Monday, Jan. 28, 1991 | midnight
LOGAN, Utah--Anderson Hunt had missed out on the fun the first time UNLV played Utah State, so he made sure he didn’t get cheated the second time around.
Hunt completely shut down Utah State scoring ace Jay Goodman Monday, holding him to just two field goals while he was on him. At the other end, Hunt was one of six Rebels in double figures with 18 points as No. 1 ranked UNLV rolled to an easy 126-83 win over the Aggies.
Goodman finished with 14, but five of those came from the free-throw line and the other five points came against Travis Bice, who spelled Hunt late in the first half and again in the second half long after the issue had been decided.
“After what he did to us the first time, I wasn’t going to let him get going tonight,” Hunt said of Goodman, who is averaging 18 points a game for Utah State. “I tried to stay with him, and I don’t think he did too much.”
But Hunt, who earlier in the day was named the Big West Conference’s co-Player of the Week, wasn’t the only Rebel to play good defense Monday. As is usually the case, the entire starting five contributed to Utah State’s offensive woes.
With a hostile Spectrum crowd of 9,797 calling for blood, UNLV sprinted out to an insurmountable 16-0 lead after 4:37. The Aggies were rushing shots, turning the ball over and being forced to foul at the other end as UNLV’s transition game exacted a punishing toll.
“That was important,” UNLV’s Greg Anthony said. “We didn’t want them to get started like the last time. It was a good way to take their crowd out of the game.”
Anthony, who continues to sparkle at the point for the 16-0 Rebels (9-0 in the Big West), finished with 16 points and 11 assists while turning it over just once. He was pleased with another fine defensive team effort.
“Everyone’s out there doing their job,” he said. “It can be pretty impressive.”
It was Monday, Kendall Youngblood finally broke the ice for Utah State (7-11 overall, 4-5 in the Big West) when he connected from just inside the three-point line to make it 16-2 with 15:02 to go in the half. Pretty soon it as 23-6 and the closest the Aggies would get was 11 with 7:58 remaining before intermission.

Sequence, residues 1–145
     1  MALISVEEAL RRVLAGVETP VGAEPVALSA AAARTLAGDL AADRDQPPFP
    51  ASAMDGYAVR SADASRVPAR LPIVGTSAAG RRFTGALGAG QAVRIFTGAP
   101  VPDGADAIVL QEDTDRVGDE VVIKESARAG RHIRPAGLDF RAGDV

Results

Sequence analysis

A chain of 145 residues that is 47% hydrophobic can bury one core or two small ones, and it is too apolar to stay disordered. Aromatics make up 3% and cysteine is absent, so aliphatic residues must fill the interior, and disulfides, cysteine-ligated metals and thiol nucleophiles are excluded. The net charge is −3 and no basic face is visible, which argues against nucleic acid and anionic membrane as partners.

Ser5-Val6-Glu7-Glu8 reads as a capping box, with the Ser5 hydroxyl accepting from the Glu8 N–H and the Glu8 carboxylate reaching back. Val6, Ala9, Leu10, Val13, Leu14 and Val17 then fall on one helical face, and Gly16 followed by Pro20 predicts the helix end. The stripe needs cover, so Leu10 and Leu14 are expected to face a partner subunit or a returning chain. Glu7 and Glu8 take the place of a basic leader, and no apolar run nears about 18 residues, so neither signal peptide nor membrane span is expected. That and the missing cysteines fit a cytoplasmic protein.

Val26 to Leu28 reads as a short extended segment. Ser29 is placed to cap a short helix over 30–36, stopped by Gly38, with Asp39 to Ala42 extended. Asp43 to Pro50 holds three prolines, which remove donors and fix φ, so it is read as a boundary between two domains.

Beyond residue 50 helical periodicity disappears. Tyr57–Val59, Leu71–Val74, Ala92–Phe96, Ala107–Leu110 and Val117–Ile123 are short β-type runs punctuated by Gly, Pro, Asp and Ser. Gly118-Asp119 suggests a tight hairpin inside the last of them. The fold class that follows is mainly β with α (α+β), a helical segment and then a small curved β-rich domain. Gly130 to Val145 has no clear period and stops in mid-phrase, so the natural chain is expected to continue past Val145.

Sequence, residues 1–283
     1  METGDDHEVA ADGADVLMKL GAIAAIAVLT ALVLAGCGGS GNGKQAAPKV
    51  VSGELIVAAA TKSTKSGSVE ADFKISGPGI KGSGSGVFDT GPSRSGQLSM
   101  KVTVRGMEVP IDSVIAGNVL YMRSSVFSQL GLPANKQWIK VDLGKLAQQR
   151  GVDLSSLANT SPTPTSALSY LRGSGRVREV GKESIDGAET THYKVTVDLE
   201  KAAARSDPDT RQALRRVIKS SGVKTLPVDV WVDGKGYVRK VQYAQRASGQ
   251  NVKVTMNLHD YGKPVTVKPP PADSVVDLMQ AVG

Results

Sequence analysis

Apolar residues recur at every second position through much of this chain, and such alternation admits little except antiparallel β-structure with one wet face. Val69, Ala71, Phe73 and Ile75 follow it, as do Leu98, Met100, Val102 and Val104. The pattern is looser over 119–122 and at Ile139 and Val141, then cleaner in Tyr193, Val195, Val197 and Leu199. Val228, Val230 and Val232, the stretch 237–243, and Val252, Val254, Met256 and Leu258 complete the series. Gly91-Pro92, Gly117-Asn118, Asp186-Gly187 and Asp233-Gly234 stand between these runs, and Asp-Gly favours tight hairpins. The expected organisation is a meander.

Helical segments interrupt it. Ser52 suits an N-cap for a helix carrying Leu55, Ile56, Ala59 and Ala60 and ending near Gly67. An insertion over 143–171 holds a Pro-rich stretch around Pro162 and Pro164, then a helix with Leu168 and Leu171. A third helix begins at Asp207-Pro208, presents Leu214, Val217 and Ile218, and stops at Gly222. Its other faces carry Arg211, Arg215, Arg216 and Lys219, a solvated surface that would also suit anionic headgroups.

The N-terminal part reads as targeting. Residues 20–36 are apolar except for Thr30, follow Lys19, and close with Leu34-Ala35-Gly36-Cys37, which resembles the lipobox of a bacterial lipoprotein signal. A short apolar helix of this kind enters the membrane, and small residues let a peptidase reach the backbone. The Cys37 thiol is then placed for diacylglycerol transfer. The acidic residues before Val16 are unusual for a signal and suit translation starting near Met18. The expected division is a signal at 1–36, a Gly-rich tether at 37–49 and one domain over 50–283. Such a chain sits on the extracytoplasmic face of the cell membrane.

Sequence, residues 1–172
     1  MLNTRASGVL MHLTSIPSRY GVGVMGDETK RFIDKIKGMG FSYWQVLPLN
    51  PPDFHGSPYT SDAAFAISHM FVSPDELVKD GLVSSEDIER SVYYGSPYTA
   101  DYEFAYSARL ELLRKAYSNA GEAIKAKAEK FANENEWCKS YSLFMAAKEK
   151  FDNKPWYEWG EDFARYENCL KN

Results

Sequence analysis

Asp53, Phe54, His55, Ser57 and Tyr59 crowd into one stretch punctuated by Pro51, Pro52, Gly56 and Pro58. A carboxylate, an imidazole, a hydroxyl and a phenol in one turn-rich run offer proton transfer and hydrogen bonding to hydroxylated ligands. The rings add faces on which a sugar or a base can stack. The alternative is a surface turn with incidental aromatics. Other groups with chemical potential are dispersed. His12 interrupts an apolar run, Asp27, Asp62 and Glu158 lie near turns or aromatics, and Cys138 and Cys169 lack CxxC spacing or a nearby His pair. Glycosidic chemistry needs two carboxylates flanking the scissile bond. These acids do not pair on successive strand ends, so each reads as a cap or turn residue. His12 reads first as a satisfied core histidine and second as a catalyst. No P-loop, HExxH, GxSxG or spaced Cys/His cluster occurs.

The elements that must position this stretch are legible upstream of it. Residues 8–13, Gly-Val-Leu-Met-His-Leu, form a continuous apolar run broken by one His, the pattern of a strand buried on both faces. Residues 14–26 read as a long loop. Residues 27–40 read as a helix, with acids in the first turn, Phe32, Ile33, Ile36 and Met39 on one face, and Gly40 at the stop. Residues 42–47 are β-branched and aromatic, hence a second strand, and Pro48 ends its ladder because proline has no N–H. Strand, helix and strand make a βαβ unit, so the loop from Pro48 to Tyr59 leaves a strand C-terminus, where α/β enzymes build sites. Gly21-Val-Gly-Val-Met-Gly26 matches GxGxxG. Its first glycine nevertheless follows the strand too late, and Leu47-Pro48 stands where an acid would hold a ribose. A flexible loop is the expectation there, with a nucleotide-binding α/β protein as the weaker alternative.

“I think the kids came ready to play,” UNLV Coach Jerry Tarkanian said. “They really started well. We told them that if they did their job, Utah Sate wouldn’t get a good shot and their crowd wouldn’t be a factor.”
Tarkanian had special praise for Hunt.
”Anderson was absolutely sensational,” he said. “I watched Goodman on tape and I had no idea he was that good a player. He really scared me.”
Essentially, Tarkanian employed the defense UC Santa Barbara’s Jerry Pimm devised last week for Hunt. But unlike UCSB, which failed to stick to the game plan, UNLV had Hunt stay with Goodman all the way.
By keeping Goodman in check, it prevented the rest of the Aggies from getting easy shots that would result from a help situation.
“When you have a good player like that, you just say in front of him and not let him get past you,” Hun said of Goodman. “That’s what I did. I stayed in front of him all night.”
Despite the fine game, Hunt was a little disssapointed with his shooting. He was 8 of 20 from the field but he was not forcing his shots. Monday, he simply ran into some tough luck where the ball wouldn’t drop.
“If I make my shots, I could have had 3 tonight,” he said. “But the guys keep telling me to shoot, so that’s what I’m going to do.”
And that’s fine with Utah State coach Kohn Smith because he doesn’t have to deal with Hunt anymore this season unless UNLV and Utah State meet in the conference tournament in March.
“He did a really good job,” Smith said of Hunt. “When he’s knocking down his jumper, they’re really tough.”
Smith agreed that Hunt’s defense on Goodman was a key to Utah State’s offensive impotence. The Aggies shot just 37 percent from the floor Monday.
“He made Jay rush his shots,” Smith said. “Jay’s going to have to learn to play against those kinds of people. But their entire defense was excellent.
“Jeez, they’re awfully hard for us to play. We just can’t match their talent.”
Youngblood, despite a team high of 28 points, couldn’t enjoy it. All he could do was pay homage to Hunt and the Rebels.
“We usually play Vegas tough here,” he said. “But we just didn’t execute. We didn’t screen at all and when we don’t screen, we have no offense.
“It’s disappointing because a lot of fans came out tonight to see a good ballgame and we disappointed them.”
The 126 points scored Monday night, was a season high for UNLV, eclipsing the previous best of 124, also set against Utah State on Jan. 9. …Elmore Spencer may have played his best game as a Rebel, scoring 10 points and grabbing nine rebounds and blocking three shots. “He did a nice job rebounding and throwing the outlet pass,” Tarkanian said of Spencer. …Larry Johnson led UNLV with 24 points and 12 rebounds. … Freshman H Waldman dressed, but did not play after spraining his hand Saturday against Louisville. Waldman could have played if necessary according to trainer Jerry Koloskie. …Several USU fans sported T-shirts commemorating last year’s water bomb incident. The shirts ported the design of the water bomb on the back with a picture of Tarkanian on the front. There were no incidents Monday, although the game was momentarily delayed as a wayward remote control blimp was reeled in.